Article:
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Alex Rodriguez gets RBI double and win in final game for Yankees

New York Yankees designated hitter Alex Rodriguez hits

New York Yankees designated hitter Alex Rodriguez hits an RBI double against the Tampa Bay Rays during the first inning of an MLB baseball game at Yankee Stadium on Friday, Aug. 12, 2016. Credit: Kathleen Malone-Van Dyke

Alex Rodriguez experienced a little of the “magic” at the plate that Joe Girardi had said he wished for him in his last game as a Yankee. And the manager took care of the rest in the top of the ninth inning.

With the Yankees leading the Rays by three runs, Girardi sent Rodriguez out to third base Friday night, accompanied by raucous cheers from the sellout crowd of 46,459 at the Stadium.

Rodriguez, who laced an RBI double off Chris Archer in the first inning, stayed in for one batter, Mikie Mahtook, whom Dellin Betances struck out.

Girardi then sent in Ronald Torreyes for A-Rod, who received another loud ovation as he walked off the field, hugging teammates as he went.

“Just overwhelmed,” A-Rod said after the Yankees’ 6-3 win.

Girardi, who broke down a couple of times during his postgame news conference while discussing Rodriguez’s final game, said he was happy to give the DH something he had wanted, which was to play third base, if only for a batter. “If this is the last time he plays,” Girardi said, “I wanted it to be something he never forgot.”

While not ruling out playing again, A-Rod did sound as sure about his future as he has since last Sunday, when it was announced that Friday night would be his final game in pinstripes. “It’s going to be tough to top this,” he said. “This is the only job I’ve had for 22 years. With all the things I’ve been through and to have an ending like tonight, I don’t know what else a man can ask for.”

After the game, A-Rod, again surrounded by cheers, walked to third base, scooped up some dirt and put it in his back pocket.

“I hope this was as good as it could get for him,” said Girardi, who added that had it been a two-run lead instead of three, he would not have put Rodriguez in at third. Aaron Hicks’ opposite-field homer to left in the seventh gave him the cushion he needed.

This being A-Rod, the night did not come without some awkwardness.

It started with an almost apocalyptic thunderstorm that brought everything but frogs, dousing a pregame ceremony in A-Rod’s honor, then dissipating almost as quickly as it arrived.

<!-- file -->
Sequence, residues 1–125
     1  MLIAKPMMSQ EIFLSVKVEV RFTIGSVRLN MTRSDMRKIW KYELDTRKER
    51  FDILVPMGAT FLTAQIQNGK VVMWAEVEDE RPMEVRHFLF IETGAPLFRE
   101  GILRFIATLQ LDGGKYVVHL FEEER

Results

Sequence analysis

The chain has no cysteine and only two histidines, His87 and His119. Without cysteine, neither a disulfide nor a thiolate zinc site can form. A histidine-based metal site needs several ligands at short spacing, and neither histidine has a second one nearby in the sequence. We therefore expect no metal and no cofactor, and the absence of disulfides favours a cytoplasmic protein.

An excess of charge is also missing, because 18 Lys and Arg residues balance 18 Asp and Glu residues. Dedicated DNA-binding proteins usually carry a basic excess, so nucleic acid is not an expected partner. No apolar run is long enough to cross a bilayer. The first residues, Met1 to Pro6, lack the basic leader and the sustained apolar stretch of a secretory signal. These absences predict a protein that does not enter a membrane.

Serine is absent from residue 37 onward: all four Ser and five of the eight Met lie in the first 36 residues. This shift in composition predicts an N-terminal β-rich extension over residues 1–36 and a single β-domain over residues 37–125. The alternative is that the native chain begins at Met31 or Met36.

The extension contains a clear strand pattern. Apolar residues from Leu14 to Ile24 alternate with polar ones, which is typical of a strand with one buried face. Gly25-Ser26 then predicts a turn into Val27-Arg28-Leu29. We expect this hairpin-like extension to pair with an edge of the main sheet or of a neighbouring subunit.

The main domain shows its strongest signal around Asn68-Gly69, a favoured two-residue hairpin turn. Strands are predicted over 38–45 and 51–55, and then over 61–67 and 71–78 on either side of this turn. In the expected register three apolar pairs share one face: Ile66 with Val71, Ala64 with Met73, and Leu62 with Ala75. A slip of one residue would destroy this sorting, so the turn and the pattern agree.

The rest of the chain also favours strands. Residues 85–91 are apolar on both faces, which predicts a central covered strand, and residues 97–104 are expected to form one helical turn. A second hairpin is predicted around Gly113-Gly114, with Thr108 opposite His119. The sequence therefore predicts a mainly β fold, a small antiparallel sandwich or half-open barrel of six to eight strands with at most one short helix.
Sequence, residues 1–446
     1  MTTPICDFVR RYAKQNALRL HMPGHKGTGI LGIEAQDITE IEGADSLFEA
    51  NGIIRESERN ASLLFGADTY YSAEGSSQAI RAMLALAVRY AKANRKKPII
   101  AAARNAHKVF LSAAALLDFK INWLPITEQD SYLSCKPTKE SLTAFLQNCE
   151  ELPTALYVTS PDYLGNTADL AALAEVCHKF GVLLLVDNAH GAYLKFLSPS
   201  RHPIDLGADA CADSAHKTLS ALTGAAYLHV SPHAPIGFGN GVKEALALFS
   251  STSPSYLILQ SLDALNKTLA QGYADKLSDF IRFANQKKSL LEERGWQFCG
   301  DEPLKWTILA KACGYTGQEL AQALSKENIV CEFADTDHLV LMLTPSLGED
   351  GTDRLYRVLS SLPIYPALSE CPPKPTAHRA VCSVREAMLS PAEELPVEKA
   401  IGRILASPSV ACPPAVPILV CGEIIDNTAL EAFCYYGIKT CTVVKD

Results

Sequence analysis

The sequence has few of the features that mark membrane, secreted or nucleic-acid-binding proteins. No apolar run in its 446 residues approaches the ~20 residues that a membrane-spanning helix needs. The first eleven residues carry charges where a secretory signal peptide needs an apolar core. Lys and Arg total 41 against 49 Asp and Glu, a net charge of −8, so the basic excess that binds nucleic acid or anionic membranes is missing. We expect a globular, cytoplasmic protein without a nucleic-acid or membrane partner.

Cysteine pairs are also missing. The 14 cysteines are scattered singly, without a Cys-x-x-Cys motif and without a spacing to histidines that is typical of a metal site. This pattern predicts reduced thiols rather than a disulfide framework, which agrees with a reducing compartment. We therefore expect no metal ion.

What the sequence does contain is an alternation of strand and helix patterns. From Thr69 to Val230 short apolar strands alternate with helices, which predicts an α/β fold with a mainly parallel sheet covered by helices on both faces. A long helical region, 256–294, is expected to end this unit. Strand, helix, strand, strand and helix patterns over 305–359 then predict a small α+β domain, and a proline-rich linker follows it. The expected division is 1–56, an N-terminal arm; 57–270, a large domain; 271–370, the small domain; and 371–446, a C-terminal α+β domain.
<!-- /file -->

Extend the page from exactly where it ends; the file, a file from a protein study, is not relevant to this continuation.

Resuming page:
“It certainly was like Biblical,” said Rodriguez, who was given a signed base and framed jersey by managing general partner Hal Steinbrenner, who coordinated much of the last week, during the ceremony. “At one point I said, ‘Hal, we have to take it in.’ He said, ‘Let’s go.’ You can’t make that up. I guess we went out with a bang.”

Rodriguez then drove in a run with a line-drive double to right-center to tie the score in the bottom of the first.

But it was one of the players whom Rodriguez has mentored this season, Starlin Castro, who did the most damage. He hit a two-out, two-run single in the fourth and a two-out, two-run homer in the sixth to give the Yankees a 5-3 lead.

CC Sabathia (7-9) allowed three runs and four hits in six innings. Archer (6-16) allowed five runs and seven hits in six innings.

A-Rod, feted with “A-Rod! A-Rod!” chants throughout, including during the Bleacher Creatures Roll Call, went 1-for-4. After his double in the first, he grounded to short in the fourth, struck out in the fifth and grounded to short in the seventh.

Girardi, who on Sunday had said he would “find a way” to play A-Rod as much as the DH wanted in Boston before backtracking Tuesday, was booed during pregame introductions.

Rodriguez opened up a bit about his relationship with his manager before the game.

“It’s been very difficult,” he said. “It’s been awkward and difficult. But we are family. We’ve had a wonderful relationship for the last 10 years. And it’s been really good. Families have disagreements. And that’s OK — he has his opinion, I have mine. But in the long run, we’re going to be fine.”

A-Rod said watching some of the younger players such as Castro and Gary Sanchez has had him thinking that this might be it. “I saw Gary Sanchez have a series in Boston,” he said, “and I looked at him and I said, ‘I can’t do that anymore.’ And I was happy about it. I’m at peace.”

13 for 13

Thirteen numbers for Alex Rodriguez’s career as a Yankee:


























Stolen bases

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